How Big Pharma markets its profitable drugs

Posted on February 16, 2016 in Health Delivery System – Health Care – The Council of Canadians / Acting for Social Justice
February 16, 2016

Profit is not the cureSimply put, Big Pharma markets its drugs through doctors.

The McGill Daily explains, “Drug reps, more formally known as pharmaceutical sales representatives, are the direct contact between pharmaceutical companies and those who have the power to write prescriptions: doctors. These drug reps provide information to medical professionals about newly available drugs and offer free drug samples for doctors to pass to patients for trial use. As a result, drug reps have a large impact on pharmaceutical sales and how often one brand of a given drug is prescribed over another brand’s version.”

This morning, the Toronto Star reports, “A three-course dinner was served to the doctors assembled to hear the presentation in the restaurant’s private dining room. After the plates were cleared, the speaker, a general practitioner with a specialty in chronic pain, wrapped up his lecture and slide show. While discussing effective drugs for lower back pain that is moderate but persistent, he zeroed in: The best medication for that is Cymbalta. Cymbalta is a prescription drug made by Eli Lilly — the company that organized the event, paid for the wine and food, and paid the doctor giving the talk.”

“A Star investigation has found drug companies routinely host and fund these dinners at upscale restaurants as training events for family doctors. Toronto-area spots include Sassafraz in Yorkville, ORO on Elm Street and, in the case of the back pain event, Italian restaurant Sarpa in Richmond Hill. These events are called continuing medical education. There is growing concern among critics that these dinners — which are sanctioned by a national medical organization — encourage doctors to prescribe the sponsoring companies’ drugs.”

The article continues, “Family doctors are most often responsible for choosing what drugs Canadians are prescribed. In Ontario, where there have been more than 500 industry-sponsored events in the last two years, physicians are required to attend ‘continuing medical education’ to keep their licence in good standing. These medical education events are vetted and approved by the College of Family Physicians of Canada, which represents more than 30,000 physicians. A task force created by the College acknowledged that the drug industry’s interests are ‘not always aligned with the best interests’ of family doctors or their patients.”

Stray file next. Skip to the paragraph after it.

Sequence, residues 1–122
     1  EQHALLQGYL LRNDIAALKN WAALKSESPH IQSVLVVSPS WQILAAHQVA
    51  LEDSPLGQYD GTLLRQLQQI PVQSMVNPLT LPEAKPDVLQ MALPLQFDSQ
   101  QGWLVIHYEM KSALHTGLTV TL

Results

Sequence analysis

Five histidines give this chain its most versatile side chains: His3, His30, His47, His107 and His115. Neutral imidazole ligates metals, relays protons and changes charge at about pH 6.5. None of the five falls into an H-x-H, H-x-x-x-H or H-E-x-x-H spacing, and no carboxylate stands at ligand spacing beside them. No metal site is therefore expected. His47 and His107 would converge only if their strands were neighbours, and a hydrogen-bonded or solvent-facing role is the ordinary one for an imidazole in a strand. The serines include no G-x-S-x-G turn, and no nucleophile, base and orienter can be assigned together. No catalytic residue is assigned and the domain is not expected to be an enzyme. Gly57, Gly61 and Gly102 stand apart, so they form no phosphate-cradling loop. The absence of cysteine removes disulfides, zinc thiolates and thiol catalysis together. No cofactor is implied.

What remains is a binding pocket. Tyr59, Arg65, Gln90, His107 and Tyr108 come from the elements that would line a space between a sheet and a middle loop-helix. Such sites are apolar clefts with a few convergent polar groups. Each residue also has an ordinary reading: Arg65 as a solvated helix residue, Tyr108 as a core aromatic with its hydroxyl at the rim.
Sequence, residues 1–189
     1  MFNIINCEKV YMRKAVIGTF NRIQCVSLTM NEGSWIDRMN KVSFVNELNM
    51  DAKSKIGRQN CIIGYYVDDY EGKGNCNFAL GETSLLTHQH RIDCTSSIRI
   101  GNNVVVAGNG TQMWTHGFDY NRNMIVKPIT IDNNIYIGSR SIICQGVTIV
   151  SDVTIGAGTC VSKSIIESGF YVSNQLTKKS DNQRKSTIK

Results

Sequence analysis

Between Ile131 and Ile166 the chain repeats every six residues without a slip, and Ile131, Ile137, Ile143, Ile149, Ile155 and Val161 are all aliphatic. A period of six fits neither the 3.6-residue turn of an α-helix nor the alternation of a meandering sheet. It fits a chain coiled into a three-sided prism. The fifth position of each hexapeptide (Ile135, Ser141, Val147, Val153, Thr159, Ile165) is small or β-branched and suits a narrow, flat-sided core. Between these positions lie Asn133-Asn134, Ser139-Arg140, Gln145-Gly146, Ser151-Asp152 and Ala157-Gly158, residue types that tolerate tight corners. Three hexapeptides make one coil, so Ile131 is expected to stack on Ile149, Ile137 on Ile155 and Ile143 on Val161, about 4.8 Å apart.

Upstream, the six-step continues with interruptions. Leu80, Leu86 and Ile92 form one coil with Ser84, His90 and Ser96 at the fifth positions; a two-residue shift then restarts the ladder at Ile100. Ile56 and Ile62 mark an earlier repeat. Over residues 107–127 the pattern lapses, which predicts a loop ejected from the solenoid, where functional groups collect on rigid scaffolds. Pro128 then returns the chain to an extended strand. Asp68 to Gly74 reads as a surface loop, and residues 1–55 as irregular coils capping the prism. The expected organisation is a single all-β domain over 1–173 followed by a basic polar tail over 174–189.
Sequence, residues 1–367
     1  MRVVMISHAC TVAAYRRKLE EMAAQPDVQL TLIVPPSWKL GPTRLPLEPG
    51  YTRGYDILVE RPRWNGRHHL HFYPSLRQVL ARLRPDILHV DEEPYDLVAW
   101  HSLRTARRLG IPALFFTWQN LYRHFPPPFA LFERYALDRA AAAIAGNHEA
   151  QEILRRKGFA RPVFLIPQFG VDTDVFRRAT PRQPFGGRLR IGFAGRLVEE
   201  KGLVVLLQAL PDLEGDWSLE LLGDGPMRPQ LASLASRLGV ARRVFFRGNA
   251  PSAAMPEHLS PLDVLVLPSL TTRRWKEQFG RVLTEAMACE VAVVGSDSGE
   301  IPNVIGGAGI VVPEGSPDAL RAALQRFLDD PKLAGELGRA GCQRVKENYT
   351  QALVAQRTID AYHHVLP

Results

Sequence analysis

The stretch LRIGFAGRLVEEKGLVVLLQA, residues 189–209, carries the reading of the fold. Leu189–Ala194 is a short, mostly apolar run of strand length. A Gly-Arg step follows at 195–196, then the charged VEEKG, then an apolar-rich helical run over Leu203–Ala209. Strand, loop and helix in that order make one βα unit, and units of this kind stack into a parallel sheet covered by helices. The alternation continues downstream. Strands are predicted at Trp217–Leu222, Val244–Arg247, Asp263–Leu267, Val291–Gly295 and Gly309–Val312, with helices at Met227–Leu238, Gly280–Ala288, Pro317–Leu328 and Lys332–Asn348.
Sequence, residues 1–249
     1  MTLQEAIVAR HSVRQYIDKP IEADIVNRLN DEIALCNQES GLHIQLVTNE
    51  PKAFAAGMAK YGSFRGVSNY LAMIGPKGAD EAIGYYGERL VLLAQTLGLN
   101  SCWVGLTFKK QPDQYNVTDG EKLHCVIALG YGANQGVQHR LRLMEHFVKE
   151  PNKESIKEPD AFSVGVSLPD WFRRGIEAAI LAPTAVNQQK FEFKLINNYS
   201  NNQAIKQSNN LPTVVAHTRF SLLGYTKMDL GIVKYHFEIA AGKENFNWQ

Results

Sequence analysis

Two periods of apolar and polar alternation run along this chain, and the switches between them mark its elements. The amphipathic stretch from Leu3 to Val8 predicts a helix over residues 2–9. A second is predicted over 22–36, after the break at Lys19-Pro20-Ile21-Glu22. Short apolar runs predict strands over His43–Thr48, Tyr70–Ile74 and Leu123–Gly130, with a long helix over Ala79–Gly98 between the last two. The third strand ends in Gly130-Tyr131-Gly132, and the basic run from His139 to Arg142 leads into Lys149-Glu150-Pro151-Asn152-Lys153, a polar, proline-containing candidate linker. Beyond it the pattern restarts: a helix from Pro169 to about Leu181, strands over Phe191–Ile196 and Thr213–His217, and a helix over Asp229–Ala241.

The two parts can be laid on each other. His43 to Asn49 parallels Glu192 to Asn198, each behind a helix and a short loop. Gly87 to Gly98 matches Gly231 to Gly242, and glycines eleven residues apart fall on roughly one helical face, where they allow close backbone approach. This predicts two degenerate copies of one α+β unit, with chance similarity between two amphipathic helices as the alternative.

And the newspaper notes, “Some U.S. organizations, including Oregon’s college of family physicians, have outright banned all industry involvement with medical education out of concern it is biasing doctors and leading to poorer prescribing. Still, Canada’s family physician college said it has no plans to cut ties with drug companies.”

Last month, the National Post reported on the “modest recommendations” from the College of Family Physicians of Canada including, “making conflicts of interest more transparent, setting up a new, independent fund for continuing education that won’t be linked to specific sponsors, and letting doctors get their meals at college conferences without running the gauntlet of industry marketing booths.” The article adds, “But the college is stopping well short of turning off the flow of pharmaceutical money — and still refuses to divulge an analysis of exactly how much corporate funding its educational programs receive.”

On perhaps a more positive note, the McGill Daily reports, “The McGill Health Clinic will [now] take meetings with any rep who has an applicable drug, but bans reps who are not selling useful drugs to the clinic, and haven’t formed a special or exclusive relationship with any major company. Both the McGill Health Clinic and Mental Health Services sometimes distribute samples obtained in part from drug reps. At Mental Health Services, they are used only in cases of financial need. Oftentimes, the Health Clinic prescribes generic drugs (not associated with Big Pharma) because they are cheaper.”

Dalhousie University professor Matthew Herder, an advisor with, recently commented, “If Canada is to implement national pharmacare, surely we want to know more about the drugs we’ll be paying for. …Pharmacare is not a fake fix; it represents major reform with the potential to positively influence pharmaceutical manufacturers by forcing them to provide stronger evidence of the therapeutic value of their products relative to existing ones. But absent fundamental changes in the way pharmaceutical research is rewarded, shared, and scrutinized, any new formulary will be a half measure.”

To read the full Toronto Star investigative report, please click here:  < >

Further reading
Big Pharma seeks even greater profits from longer patents in CETA and the TPP (Jan. 31, 2016): < >

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